Pre-generating SVG point coordinates with C++

We could use C++ to pre-generate SVG point coordinates for multiple simple n-gons, where n is a small number and then subsequently use JavaScript to animate them.

The following code describes how this can be done:

#include <iostream> #include <cmath> #include <vector> #include <cstring> using namespace std; int main() { int center_offset = 20, points_radius = 3, subdivisions = 3; float line_stroke = 1.0, center_x = 300, center_y = 200; string color = "#000"; vector<string> colors { "#AEA0C1", "#EAE20E", "#5B99DB", "#8CC45B", "#21C1CE", "#29DBDD", "#EAE20E", "#6DD1E3", "#C1D5FF" }; for(int n = 3; n < 12; n++) { int z = n - 3; color = colors[z]; vector<vector<float>> points; vector<float> v(2); // x, y cout << "<g class='group'>" << endl; cout << "\t<g id='points_group" << (z+1) << "' fill='" << color << "'>" << endl; for (float angle = 0, i = 0; angle < 360; angle += 360.0f / subdivisions, i++) { const float radians = angle * M_PI / 180; float xpos = center_x + center_offset * sin(radians); float ypos = center_y + center_offset * cos(radians); cout << "\t\t<circle cx='" << xpos << "' cy='" << ypos << "' r='" << points_radius << "' />" << endl; v[0] = xpos; v[1] = ypos; points.push_back(v); } // Insert the starting point at the end points.push_back(points[0]); cout << "\t</g>" << endl; cout << "\t<g id='lines_group" << (z+1) << "' fill='transparent' stroke='" << color << "' stroke-width='" << line_stroke << "'>" << endl; int sz =points.size(); for(int k = 1; k < sz + 1; k++) { if(k < sz) { vector<float> prev = points[k-1]; vector<float> next = points[k]; cout << "\t\t<line x1='" << prev[0] << "' y1='" << prev[1] << "' x2='" << next[0] << "' y2='" << next[1] << "' />" << endl; } } cout << "\t</g>" << endl; cout << "</g>" << endl; center_offset += 20; subdivisions += 1; line_stroke += 0.4; } return 0; }

For the largest n-gon, we obtain the following fragment:

<g class='group'> <g id='points_group9' fill='#C1D5FF'> <circle cx='300' cy='380' r='3' /> <circle cx='397.315' cy='351.426' r='3' /> <circle cx='463.734' cy='274.775' r='3' /> <circle cx='478.168' cy='174.383' r='3' /> <circle cx='436.035' cy='82.1251' r='3' /> <circle cx='350.712' cy='27.2913' r='3' /> <circle cx='249.288' cy='27.2913' r='3' /> <circle cx='163.965' cy='82.125' r='3' /> <circle cx='121.832' cy='174.383' r='3' /> <circle cx='136.266' cy='274.775' r='3' /> <circle cx='202.684' cy='351.426' r='3' /> <circle cx='300' cy='380' r='3' /> </g> <g id='lines_group9' fill='transparent' stroke='#C1D5FF' stroke-width='4.2'> <line x1='300' y1='380' x2='397.315' y2='351.426' /> <line x1='397.315' y1='351.426' x2='463.734' y2='274.775' /> <line x1='463.734' y1='274.775' x2='478.168' y2='174.383' /> <line x1='478.168' y1='174.383' x2='436.035' y2='82.1251' /> <line x1='436.035' y1='82.1251' x2='350.712' y2='27.2913' /> <line x1='350.712' y1='27.2913' x2='249.288' y2='27.2913' /> <line x1='249.288' y1='27.2913' x2='163.965' y2='82.125' /> <line x1='163.965' y1='82.125' x2='121.832' y2='174.383' /> <line x1='121.832' y1='174.383' x2='136.266' y2='274.775' /> <line x1='136.266' y1='274.775' x2='202.684' y2='351.426' /> <line x1='202.684' y1='351.426' x2='300' y2='380' /> <line x1='300' y1='380' x2='300' y2='380' /> </g> </g>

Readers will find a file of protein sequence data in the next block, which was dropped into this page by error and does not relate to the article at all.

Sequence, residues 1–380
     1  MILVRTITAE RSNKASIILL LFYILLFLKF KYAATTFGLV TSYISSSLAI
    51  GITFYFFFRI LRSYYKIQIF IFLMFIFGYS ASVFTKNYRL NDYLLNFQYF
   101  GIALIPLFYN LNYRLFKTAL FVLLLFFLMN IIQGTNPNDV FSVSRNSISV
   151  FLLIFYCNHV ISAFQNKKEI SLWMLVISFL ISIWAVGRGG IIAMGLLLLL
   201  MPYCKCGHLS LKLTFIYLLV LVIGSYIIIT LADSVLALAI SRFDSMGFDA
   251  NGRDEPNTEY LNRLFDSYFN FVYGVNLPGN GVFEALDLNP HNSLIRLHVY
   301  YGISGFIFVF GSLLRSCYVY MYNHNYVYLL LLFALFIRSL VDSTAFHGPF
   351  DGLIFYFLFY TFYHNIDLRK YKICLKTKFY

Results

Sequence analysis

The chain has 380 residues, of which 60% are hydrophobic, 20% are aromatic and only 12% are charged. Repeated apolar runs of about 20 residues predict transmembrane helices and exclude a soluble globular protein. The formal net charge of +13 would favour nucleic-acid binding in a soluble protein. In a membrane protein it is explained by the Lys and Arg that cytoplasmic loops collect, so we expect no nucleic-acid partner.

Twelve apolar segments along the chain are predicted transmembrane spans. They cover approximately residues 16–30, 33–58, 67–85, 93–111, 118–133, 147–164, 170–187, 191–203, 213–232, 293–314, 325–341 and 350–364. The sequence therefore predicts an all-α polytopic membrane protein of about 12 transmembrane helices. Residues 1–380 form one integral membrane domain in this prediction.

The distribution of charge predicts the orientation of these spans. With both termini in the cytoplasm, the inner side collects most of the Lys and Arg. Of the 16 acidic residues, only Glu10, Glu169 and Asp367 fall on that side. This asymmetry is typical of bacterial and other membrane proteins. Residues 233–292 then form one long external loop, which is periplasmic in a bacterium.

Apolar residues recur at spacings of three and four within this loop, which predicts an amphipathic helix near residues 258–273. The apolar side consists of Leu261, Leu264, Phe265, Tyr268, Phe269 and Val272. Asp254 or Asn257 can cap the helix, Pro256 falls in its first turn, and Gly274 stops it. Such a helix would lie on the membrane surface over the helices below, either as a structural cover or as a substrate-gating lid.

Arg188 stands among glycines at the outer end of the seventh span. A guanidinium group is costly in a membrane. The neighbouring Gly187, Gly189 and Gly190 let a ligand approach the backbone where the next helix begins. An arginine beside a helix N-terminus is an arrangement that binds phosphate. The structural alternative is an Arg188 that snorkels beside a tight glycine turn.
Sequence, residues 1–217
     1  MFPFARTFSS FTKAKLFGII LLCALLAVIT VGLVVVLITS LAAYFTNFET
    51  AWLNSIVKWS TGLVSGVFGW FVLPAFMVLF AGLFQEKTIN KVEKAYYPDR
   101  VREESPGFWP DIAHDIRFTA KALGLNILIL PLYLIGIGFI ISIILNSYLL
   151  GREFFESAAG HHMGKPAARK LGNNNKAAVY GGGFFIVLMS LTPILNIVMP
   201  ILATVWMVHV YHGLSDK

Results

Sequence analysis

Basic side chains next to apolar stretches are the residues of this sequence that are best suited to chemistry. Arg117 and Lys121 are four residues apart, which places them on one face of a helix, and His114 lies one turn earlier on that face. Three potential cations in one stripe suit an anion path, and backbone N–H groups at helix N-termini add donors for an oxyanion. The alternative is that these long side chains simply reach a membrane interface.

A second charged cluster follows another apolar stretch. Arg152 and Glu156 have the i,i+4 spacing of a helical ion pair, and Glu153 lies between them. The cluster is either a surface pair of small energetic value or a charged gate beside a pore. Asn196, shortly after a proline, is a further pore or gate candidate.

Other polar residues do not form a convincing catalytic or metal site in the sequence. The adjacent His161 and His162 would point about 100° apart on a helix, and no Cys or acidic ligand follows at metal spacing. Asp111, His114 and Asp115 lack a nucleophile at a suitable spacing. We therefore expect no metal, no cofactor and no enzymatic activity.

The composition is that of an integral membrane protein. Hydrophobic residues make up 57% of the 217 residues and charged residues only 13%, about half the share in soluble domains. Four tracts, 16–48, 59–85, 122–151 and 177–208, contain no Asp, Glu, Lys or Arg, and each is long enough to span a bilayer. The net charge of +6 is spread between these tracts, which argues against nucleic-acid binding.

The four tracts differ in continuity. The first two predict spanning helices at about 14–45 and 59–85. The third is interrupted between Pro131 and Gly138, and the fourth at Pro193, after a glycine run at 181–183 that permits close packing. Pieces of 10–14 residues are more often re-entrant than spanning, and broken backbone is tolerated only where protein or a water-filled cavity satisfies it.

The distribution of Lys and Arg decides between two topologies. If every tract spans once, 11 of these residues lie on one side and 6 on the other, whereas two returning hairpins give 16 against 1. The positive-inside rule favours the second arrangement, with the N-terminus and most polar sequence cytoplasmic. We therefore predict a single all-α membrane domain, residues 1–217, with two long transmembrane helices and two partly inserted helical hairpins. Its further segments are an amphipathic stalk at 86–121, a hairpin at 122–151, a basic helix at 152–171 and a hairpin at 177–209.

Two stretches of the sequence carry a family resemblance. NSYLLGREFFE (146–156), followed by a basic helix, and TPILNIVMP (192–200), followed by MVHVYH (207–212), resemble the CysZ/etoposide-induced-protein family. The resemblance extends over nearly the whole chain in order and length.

Having clearly labeled groups allows us to find things more easily, especially when the SVG output becomes large. Another purpose groups serve is to reduce our code, since we can define some properties (like fill, stroke etc.) directly on them, without having to do this for each child element individually. If you want to see the full SVG output, view the source code of this page.

Once all fragments for all n-gons are in place, we can adress the individual groups with JavaScript:

function t(what) {console.log(what);} function id(what) {return document.getElementById(what);} var button = id('button'), group = null, angle = 0, angle_diffs = [0,0,0,0,0,0,0,0,0], paused = false, anim_id = null, log = Math.log, sqrt = Math.sqrt, groups = document.querySelectorAll('.group'); function transform_string(angle) { var center_x = 300, center_y = 200; return 'translate({center_x} {center_y}) rotate({angle}) translate(-{center_x} -{center_y})' .replace(/{center_x}/g, center_x) .replace(/{center_y}/g, center_y) .replace('{angle}', angle); } for(var i = 0; i < 9; i++) { angle_diffs[i] = i*log(i+1); } function update() { if(paused) {return;} for(var i = 0; i < 9; i++) { group = groups[i]; group.setAttribute('transform', transform_string(angle)); angle += angle_diffs[i]; } angle %= 360; requestAnimationFrame(update); } button.onclick = function() { if(this.innerHTML == 'Play') { this.innerHTML = 'Pause'; paused = false; } else { this.innerHTML = 'Play'; paused = true; } requestAnimationFrame(update); };

We select all elements having a class name "group" and ensure that when the mouse is clicked they are rotated with varying angles (defined in the angle_diffs array). For the rotation to work properly, we use the move-rotate-move idea, where the second move is in direction opposite to the first. With requestAnimationFrame we repeatedly execute the update function, so that we get a smooth animation. Here is the result: